A special person I met was Gianni Golfera’s grandfather who flew with the Italian Air Force during the Second World War in the elegant SM.79, and who shared with me some of his memories.

Another site I visited was the working Royal Air Force (RAF) base at RAF Uxbridge in West London.

RAF Uxbridge has had a remarkable history since being established in 1917, much to write about here. It has never been an airfield, but a base for many departments and RAF organisations, and especially one that fits another piece into my jigsaw, The Battle of Britain Operations Room.

With members of the Rotary Club of Kingston upon Thames, we were invited by prior arrangement, to visit this historic site, from where the air defence of South East England was co-ordinated, especially on September 15th 1940, Battle of Britain Day.

The Ops Room, also known as “The Bunker” or “The Hole”, is an underground facility, some 60 feet or 20 meters below the surrounding buildings, where personnel, mostly Women’s Auxiliary Air Force (WAAF) members called Plotters and Tellers, would mark enemy and allied aircraft movements on a large sloping table called the Plotting Table, so that Controllers and other personnel, like Operation Clerks, Intelligence Clerks, members of other services like the Army and Navy, and personnel from the Observer Corps, anti-aircraft and searchlight sections would all co-ordinate data.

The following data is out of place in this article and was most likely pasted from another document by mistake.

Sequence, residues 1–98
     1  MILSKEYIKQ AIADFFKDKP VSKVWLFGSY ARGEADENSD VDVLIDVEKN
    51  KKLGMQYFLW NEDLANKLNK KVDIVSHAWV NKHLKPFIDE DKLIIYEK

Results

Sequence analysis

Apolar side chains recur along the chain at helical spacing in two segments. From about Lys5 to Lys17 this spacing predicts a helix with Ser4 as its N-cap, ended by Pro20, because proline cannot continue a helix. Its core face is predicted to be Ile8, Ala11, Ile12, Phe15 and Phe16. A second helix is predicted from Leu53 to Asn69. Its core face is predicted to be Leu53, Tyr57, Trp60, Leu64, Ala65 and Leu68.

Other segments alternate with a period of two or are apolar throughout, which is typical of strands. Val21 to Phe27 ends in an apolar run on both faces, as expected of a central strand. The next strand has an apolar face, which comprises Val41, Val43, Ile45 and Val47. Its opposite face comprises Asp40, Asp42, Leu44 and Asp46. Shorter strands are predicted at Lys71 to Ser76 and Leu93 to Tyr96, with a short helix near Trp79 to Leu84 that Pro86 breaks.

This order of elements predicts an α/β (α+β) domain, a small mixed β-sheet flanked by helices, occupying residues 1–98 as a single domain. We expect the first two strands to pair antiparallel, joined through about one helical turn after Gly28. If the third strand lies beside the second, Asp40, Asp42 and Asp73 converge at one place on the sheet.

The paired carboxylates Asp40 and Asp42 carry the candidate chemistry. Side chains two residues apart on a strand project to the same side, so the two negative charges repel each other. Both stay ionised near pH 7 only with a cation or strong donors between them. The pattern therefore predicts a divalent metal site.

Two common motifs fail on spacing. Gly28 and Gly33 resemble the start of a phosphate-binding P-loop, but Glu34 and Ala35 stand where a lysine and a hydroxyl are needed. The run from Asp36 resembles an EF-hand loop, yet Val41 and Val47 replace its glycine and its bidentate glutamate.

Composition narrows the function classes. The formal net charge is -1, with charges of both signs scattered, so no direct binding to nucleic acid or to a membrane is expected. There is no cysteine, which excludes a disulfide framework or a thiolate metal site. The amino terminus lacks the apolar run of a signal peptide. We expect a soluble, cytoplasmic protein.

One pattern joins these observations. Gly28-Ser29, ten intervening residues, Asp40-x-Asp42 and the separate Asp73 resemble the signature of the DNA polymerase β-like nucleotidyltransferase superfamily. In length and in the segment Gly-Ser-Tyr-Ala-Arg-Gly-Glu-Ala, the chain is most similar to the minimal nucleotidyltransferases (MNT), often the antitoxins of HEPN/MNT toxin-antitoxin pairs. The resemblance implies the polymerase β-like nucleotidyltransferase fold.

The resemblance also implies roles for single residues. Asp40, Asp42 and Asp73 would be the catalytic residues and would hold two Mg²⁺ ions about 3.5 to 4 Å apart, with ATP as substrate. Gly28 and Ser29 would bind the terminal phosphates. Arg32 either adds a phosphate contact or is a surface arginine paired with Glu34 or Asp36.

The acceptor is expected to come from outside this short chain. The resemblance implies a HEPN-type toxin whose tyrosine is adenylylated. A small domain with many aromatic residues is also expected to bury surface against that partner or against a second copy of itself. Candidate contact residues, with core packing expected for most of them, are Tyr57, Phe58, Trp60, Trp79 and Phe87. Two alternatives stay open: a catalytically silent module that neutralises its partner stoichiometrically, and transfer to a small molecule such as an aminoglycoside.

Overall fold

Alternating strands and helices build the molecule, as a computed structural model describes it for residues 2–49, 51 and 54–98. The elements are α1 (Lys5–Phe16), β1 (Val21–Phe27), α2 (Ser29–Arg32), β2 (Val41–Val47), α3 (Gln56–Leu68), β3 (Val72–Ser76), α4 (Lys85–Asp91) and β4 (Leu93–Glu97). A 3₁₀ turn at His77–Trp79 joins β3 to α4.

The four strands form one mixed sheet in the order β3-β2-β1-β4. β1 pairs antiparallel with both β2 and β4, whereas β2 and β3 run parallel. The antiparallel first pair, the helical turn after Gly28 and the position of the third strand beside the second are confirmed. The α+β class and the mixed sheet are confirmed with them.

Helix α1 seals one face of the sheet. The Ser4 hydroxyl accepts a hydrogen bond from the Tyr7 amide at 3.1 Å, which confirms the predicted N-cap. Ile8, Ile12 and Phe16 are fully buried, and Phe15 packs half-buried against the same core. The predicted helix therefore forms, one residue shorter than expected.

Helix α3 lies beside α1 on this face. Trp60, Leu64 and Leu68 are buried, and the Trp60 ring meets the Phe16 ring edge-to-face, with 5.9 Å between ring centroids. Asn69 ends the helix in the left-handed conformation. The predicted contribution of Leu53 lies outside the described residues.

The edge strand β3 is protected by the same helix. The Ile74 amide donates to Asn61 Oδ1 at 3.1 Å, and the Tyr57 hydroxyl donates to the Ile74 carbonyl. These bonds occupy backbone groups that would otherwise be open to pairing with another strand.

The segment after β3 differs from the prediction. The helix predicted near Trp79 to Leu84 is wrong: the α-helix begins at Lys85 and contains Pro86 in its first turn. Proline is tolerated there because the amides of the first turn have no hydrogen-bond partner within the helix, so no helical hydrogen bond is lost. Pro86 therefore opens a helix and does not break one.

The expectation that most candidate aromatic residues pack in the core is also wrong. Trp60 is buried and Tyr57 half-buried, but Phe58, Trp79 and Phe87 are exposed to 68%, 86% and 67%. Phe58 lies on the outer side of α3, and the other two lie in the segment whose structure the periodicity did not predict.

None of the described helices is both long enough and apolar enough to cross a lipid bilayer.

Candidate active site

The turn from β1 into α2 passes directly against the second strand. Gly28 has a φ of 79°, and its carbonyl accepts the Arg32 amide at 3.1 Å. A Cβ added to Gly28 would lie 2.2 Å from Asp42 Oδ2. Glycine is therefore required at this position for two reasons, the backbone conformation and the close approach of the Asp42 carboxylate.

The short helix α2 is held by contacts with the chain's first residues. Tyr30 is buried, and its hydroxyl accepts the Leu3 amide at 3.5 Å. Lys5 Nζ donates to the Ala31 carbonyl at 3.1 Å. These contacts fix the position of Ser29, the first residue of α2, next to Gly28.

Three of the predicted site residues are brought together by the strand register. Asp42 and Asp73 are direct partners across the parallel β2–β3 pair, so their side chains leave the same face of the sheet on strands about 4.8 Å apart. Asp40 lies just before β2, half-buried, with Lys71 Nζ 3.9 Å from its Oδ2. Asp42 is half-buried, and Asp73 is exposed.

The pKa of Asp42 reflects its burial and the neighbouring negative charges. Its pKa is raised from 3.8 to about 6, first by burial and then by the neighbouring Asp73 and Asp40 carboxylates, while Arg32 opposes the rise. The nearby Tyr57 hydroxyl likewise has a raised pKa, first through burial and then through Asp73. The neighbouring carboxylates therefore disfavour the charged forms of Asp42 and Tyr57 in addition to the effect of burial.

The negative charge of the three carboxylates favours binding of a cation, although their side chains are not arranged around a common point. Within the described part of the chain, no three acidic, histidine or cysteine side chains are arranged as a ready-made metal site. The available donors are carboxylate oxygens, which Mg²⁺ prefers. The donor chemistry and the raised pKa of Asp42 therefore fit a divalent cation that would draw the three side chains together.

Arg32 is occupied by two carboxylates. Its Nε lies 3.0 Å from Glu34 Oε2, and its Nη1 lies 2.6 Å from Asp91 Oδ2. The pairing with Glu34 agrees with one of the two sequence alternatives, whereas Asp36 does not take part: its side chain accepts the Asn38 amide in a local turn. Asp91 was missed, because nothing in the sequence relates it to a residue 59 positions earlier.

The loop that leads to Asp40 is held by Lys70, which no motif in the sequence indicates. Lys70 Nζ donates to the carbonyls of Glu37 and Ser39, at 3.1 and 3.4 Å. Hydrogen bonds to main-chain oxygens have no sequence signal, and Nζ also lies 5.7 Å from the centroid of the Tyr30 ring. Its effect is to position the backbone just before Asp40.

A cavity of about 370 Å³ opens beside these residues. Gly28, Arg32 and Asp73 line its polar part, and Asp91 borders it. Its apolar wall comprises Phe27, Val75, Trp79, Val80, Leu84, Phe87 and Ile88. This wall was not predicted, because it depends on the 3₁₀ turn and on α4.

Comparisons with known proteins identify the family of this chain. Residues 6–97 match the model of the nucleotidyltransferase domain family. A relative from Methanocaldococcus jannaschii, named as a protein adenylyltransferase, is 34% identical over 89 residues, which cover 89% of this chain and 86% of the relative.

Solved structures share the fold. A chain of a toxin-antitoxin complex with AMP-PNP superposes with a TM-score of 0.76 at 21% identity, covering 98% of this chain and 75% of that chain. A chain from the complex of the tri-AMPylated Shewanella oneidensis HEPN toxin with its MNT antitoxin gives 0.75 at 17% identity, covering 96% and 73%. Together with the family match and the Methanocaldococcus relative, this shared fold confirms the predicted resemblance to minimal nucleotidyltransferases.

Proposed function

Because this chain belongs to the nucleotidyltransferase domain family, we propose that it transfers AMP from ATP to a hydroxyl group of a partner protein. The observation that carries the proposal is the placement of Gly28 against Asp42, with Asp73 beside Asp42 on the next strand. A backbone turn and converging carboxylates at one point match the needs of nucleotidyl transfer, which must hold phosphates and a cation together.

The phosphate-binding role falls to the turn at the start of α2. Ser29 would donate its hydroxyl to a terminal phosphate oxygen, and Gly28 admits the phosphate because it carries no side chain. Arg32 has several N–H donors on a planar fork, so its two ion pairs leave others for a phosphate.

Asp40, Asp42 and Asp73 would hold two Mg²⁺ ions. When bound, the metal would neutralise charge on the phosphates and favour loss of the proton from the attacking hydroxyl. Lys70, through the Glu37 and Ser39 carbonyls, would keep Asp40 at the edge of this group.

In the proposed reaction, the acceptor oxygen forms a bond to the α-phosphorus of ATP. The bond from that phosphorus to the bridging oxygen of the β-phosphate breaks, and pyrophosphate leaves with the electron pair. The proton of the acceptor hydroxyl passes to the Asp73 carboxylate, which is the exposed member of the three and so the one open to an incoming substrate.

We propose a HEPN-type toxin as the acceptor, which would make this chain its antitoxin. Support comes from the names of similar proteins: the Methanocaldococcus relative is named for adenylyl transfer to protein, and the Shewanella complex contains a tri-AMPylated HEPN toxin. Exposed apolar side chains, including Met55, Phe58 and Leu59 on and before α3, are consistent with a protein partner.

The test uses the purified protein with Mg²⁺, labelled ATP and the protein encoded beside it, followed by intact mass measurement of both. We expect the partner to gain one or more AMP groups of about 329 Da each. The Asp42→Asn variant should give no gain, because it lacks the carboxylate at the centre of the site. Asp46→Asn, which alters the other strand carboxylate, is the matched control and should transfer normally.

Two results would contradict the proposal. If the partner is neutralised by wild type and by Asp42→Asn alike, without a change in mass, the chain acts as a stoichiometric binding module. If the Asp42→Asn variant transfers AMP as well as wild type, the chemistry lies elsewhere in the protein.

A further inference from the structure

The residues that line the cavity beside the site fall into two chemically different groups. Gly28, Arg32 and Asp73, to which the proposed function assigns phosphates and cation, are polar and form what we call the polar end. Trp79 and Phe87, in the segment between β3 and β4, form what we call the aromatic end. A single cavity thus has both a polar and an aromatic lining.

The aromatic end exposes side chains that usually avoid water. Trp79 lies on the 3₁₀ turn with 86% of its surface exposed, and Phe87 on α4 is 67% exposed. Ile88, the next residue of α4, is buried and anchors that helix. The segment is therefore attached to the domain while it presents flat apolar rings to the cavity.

The Battle of Britain Operations Room entrance, RAF Uxbridge
Pushing marked blocks, containing information of aircraft over the Sectors of the Plotting Table, Controllers who sat high above the Plotting Table at a dais or curved glass fronted rooms or cabins, would have a 15 minute window of an air battle, thanks to information feed to the Plotter’s and Teller’s from aircrew, observers on the ground, and RADAR stations which were said to see the skies as far away as Paris.



The Battle of Britain Operations Room entrance, RAF Uxbridge

Behind the Plotting Table on the rear wall is the Tote Board, (nothing to do with NLP TOTE Model), which showed the readiness of aircraft at the various RAF airfields within 11 Group’s control, the weather situation, cloud hight and coverage, the position of barrage balloons, and a coloured sectioned wall clock which would tell the Ops personnel how up-to-date information was on the Plotting Table.



The Battle of Britain Operations Room Tote Board, RAF Uxbridge
Seen from the Controllers Cabin with readiness lights and coloured segmented clock


Throughout “The Bunker”, in rooms which have been restored to the day of The Battle of Britain, (September 15th 1940), there is a museum containing a historical record of the facility, and is worth extra time exploring.

I had heard that the curator and guide, Hazel Crozier, would be leaving the museum, but I did not realise that RAF Uxbridge would be closing, to be moved to nearby RAF Northolt. I hope that this historic site will be preserved, especially The Battle of Britain Operations Room, as without history, a nation does not exist.